Using proper community resources, HOA boards and management companies can deal with conflicts in a meaningful way. Although they can never be eliminated when people interact, misunderstandings can be reduced. And when disagreements arise among HOA members, they can be diffused in a productive manner.
The following four guidelines will help board members and management companies solve conflicts in their communities:
- Clearly define the rules and regulations. To comply, homeowners must first know the rules and then understand them. It’s the board’s responsibility to ensure both these tasks are accomplished. The board must review all rules on a regular basis. It must also revise rules to accommodate any ambiguities.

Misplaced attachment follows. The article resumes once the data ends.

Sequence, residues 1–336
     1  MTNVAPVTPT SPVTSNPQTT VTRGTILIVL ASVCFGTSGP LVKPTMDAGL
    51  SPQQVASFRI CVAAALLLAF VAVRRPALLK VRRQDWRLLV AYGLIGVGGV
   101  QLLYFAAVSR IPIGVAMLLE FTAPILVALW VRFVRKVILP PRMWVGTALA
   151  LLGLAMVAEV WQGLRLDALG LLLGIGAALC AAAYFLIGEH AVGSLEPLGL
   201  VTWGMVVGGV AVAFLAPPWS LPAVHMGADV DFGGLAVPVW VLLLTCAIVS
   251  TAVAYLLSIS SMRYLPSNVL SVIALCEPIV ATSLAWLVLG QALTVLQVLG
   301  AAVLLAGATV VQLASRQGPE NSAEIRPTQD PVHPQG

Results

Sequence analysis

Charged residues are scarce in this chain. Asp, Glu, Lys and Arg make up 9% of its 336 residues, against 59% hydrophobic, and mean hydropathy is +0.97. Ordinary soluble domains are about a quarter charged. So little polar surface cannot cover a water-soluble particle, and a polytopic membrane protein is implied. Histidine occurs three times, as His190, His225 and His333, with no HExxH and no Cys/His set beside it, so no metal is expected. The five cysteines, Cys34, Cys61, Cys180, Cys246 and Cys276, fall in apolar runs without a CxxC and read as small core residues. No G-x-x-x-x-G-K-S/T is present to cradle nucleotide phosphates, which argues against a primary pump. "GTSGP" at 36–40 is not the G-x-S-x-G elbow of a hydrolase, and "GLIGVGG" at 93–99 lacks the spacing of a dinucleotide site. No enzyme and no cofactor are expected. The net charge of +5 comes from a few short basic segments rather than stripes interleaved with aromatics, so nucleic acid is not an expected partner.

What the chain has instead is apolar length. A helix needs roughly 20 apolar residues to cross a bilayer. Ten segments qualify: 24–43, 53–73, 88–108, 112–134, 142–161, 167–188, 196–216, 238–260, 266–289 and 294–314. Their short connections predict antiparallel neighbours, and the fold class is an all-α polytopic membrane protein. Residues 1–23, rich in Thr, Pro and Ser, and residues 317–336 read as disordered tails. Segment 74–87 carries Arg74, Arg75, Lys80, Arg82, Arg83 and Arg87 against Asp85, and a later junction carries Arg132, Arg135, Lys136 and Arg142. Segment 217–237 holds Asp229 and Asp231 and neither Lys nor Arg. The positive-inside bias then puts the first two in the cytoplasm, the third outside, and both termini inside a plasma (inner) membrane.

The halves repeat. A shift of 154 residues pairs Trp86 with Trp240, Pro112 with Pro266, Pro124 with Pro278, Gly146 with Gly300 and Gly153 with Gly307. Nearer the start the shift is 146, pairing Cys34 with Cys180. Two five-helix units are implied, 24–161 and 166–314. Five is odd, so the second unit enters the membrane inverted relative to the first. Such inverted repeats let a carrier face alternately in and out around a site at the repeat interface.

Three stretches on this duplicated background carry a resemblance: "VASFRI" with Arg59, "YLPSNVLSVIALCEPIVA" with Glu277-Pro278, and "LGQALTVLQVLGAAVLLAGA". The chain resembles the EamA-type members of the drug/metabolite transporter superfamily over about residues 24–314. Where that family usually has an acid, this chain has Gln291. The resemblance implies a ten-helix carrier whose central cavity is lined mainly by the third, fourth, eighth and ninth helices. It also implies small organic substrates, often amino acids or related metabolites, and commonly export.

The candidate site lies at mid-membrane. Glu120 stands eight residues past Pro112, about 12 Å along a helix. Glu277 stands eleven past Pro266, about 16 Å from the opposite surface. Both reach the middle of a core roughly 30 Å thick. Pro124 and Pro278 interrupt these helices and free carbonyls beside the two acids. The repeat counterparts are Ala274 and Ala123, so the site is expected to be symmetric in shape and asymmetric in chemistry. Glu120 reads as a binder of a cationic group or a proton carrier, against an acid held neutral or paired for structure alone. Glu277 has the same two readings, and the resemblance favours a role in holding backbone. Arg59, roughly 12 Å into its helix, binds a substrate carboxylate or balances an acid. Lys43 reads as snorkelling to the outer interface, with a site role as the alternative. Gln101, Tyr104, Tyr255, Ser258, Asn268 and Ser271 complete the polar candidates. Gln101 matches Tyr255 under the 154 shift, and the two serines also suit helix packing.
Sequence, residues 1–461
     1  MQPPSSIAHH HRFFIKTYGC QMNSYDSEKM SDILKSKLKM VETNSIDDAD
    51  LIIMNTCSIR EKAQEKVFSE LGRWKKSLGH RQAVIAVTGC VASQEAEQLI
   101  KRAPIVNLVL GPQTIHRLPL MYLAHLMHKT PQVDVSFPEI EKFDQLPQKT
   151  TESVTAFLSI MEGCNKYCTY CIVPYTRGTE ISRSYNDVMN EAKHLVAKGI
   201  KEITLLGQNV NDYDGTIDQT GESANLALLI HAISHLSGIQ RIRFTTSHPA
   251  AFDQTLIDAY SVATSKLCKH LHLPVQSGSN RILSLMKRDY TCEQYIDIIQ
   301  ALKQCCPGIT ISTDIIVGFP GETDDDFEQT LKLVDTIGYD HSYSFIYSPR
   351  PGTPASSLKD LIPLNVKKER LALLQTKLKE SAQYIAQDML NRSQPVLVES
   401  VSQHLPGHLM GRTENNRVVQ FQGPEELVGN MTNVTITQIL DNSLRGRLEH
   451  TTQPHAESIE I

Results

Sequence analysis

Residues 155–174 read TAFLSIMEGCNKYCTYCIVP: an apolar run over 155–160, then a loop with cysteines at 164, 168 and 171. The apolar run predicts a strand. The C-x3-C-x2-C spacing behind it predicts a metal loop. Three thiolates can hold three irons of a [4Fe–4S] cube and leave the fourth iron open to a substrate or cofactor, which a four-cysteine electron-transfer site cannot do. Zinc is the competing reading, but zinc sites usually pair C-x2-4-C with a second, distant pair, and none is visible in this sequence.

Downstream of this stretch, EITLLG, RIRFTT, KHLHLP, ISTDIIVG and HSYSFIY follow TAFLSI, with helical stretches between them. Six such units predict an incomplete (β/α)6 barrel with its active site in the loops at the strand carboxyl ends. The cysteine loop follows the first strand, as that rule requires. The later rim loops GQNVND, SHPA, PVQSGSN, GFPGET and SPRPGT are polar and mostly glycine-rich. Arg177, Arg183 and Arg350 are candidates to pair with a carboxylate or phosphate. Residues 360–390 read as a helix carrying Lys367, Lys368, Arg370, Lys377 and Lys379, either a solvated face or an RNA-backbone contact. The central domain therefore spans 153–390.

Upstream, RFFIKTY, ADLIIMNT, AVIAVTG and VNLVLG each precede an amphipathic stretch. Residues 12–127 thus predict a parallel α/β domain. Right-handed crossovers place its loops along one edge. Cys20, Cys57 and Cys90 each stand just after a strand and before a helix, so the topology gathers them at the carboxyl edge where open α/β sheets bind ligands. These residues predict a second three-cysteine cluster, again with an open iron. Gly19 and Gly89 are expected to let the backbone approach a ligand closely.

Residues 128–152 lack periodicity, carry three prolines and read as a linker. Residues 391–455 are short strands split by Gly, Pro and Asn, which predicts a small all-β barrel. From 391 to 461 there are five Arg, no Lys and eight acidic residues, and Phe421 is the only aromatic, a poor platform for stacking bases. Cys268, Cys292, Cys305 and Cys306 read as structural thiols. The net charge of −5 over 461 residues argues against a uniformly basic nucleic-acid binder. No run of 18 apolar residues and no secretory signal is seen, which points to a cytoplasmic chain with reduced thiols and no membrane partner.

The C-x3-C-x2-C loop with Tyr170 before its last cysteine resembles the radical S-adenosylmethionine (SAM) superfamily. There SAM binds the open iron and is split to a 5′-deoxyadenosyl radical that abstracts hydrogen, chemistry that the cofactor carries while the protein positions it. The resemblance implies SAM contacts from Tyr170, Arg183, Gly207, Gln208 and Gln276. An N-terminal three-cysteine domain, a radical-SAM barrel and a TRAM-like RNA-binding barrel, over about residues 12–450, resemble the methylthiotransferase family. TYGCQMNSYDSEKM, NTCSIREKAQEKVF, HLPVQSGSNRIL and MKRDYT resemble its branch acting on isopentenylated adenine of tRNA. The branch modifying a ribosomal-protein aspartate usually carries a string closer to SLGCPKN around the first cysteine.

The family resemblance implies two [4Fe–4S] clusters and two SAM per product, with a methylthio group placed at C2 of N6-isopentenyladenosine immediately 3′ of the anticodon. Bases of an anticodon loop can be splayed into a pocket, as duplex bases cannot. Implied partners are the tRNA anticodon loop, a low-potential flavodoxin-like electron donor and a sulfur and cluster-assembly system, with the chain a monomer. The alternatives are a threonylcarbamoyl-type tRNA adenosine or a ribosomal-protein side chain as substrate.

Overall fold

- Review rules and regulations with new members. A welcoming committee or board member should reach out to new residents. It’s not only a good idea to bring new members into the fold, but it helps avoid any confusion with the HOA’s rules. Plus, nobody wants to move into a new neighborhood and get off to a bad start with a reprimand for not following existing rules.
- Find the shortest route to a solution. After a rule violation, the best course of action is to try to rectify the situation as quickly as possibly using the least offensive tactic. For example, a rule violation may be corrected simply by sending an informal, friendly reminder rather than a formal, threatening legal letter. In addition, violation communications should be written inclusively and not in an accusatory manner. In other words, using words such as “our” and not “you” demonstrates a “working together” attitude rather than a “blaming” demeanor.
- View problems as an opportunity to learn. By using a learning mindset, the HOA can approach conflicts and problems in a more positive manner. Every issue brings a educational opportunity. HOA leadership should strive to create an environment full of problem solvers seeking answers.
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